The Endocrine Society is pleased to welcome its president for 2014 – 2015, Richard J. Santen, MD, who took office June 25. A professor of internal medicine at the University of Virginia Health Sciences Center, Santen is a renowned expert on aromatase inhibitor development for the treatment of breast cancer, mechanisms whereby estrogens induce breast cancer and estrogen metabolomics as a means to predict who will develop breast cancer, the effects of menopausal therapy on breast cancer, and menopause management.
Santen succeeds Teresa K. Woodruff , PhD, as the Society continues its rotation of presidents who represent its core constituencies: basic researchers, clinical researchers, and clinical practitioners. Santen’s career has spanned each of these areas, as he has spent his time as an endocrinologist both at the bench and by the bedside. Because of this varied experience, he considers the Endocrine Society to be his scientific home.
Santen first joined the Society more than 40 years ago, when he was a clinical fellow at the University of Washington in Seattle. Since joining the Society, he has been very active serving as a member, chair, or liaison to various committees, including Finance and Audit, Minority Affairs, and the Council. “A particular interest of mine was the establishment of the International Scholars Program, now in its 11th year,” he says.
Santen has also been a member of several of the Endocrine Society’s task forces, helping to write educational materials for the Hormone Health Network on issues related to menopause, as well as participating in writing groups for clinical practice guidelines. “The participation on these committees and task forces has allowed me to meet and work with stellar colleagues and to form warm relationships with many of them,” he says. “In addition, I have worked closely with many of the staffof the Endocrine Society and found this to provide wonderful working relationships.”
Santen envisions facilitating collaboration among the Endocrine Society’s constituencies by exploring a unique type of educational program in conjunction with the Trainee and Career Development Core Committee. “This will provide a comprehensive review of existing information on a specific topic directed toward basic, translational, and clinical researchers, as well as clinicians in practice,” he says.
In addition to his clinical and research specialties, Santen has a keen interest in mentoring the younger generation of endocrinologists, something he wants to expand upon as president of the Endocrine Society. “In my opinion, Santen says, “the Endocrine Society needs to nurture and develop the future Society leaders so that it will remain a vibrant and creative society.” To do that, we must recognize that the next generation of endocrinologists has some hurdles to clear along the way. For one, National Institutes of Health funding has been declining “in real dollars” over the past decade, and the more experienced investigators are outcompeting the younger researchers for the available funding dollars.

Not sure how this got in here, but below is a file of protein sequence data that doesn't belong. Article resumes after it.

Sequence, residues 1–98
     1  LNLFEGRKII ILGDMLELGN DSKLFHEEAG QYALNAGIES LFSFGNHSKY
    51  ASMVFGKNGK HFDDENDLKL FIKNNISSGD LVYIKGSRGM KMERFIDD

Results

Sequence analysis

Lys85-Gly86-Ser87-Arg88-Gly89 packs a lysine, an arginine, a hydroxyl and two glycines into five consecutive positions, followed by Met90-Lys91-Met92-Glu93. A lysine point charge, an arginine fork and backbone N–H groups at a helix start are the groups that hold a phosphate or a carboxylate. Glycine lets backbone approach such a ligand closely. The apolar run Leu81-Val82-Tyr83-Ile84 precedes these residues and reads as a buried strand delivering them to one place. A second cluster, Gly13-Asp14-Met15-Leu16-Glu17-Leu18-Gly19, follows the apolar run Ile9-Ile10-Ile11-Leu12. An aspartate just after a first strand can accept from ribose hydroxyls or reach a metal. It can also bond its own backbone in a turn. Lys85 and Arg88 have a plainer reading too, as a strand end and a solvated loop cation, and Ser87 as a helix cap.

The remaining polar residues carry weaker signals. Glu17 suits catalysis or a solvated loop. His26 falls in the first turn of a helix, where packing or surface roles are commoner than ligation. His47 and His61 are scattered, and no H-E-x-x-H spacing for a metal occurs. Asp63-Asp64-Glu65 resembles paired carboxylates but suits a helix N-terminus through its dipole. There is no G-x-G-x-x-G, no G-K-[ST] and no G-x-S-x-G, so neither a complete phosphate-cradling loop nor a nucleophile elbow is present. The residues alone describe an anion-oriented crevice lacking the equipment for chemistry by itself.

Another problem is that practicing clinicians will almost exclusively be found in the hospital setting within the next 10 years. “This will create pressures for e ciency and reduce the time available for scholarly activities,” Santen says. “Unless we as a Society address these issues, the Society will not be able to retain its vibrant, scholarly character over the next decade.”
Santen envisions an initiative to “provide major benefit to the Nex Gen members.” This initiative will provide these Nex Gen members with the ability to obtain advice from world leaders. Nex Gen members will submit clinical cases and questions, and the Endocrine Society will forward these to two experts to give their opinion within aspecified time frame and provide references in the literature to back up their opinions. “This will be particularly useful for our international members,” Santen says. “The idea is to harness the intellectual power of our senior members to enhance the careers of young members.”
Santen’s next generation initiative emphasizes the need to create innovative programs that enhance the recruitment, retention, and empowerment of early career endocrinologists beyond their training completion. Santen has commissioned an intercommittee task force with two goals in mind: to examine in detail the issues affecting the next generation of endocrinologists and determine future directions for the Society in expanding opportunities for early career endocrinologists; and to develop a road map for enhancement of their career advancement and workforce development.
“If young endocrinologists cannot capture sufficient funding to carry out their innovative ideas, those ideas are lost,” he continues. “Consider if James Watson had come up with the idea of the double helix of DNA today, he would not be taken seriously and he certainly could not have obtained funding to support his idea. We need to give considerable thought to the development of means to allow young investigators to pursue their ideas.”
Santen’s plans to focus on the career enhancement of endocrinologists during the first two decades after completion of their training reflects the Society’s commitment to serving its members as described in the Society’s strategic plan.